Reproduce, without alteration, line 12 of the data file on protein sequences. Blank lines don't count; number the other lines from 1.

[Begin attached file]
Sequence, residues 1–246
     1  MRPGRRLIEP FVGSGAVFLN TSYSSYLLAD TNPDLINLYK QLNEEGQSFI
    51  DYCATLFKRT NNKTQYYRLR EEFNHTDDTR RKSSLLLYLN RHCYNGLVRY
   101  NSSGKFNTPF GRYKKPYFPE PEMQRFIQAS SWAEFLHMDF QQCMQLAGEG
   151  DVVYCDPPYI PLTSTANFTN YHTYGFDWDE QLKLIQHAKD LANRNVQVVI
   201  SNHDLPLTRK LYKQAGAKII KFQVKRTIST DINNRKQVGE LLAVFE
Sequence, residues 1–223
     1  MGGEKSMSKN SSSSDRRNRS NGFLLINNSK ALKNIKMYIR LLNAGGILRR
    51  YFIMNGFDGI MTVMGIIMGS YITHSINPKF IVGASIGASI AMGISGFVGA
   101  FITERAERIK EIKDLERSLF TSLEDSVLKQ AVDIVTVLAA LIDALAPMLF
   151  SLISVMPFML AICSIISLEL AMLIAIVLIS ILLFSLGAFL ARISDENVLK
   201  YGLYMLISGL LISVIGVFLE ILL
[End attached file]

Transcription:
   201  YGLYMLISGL LISVIGVFLE ILL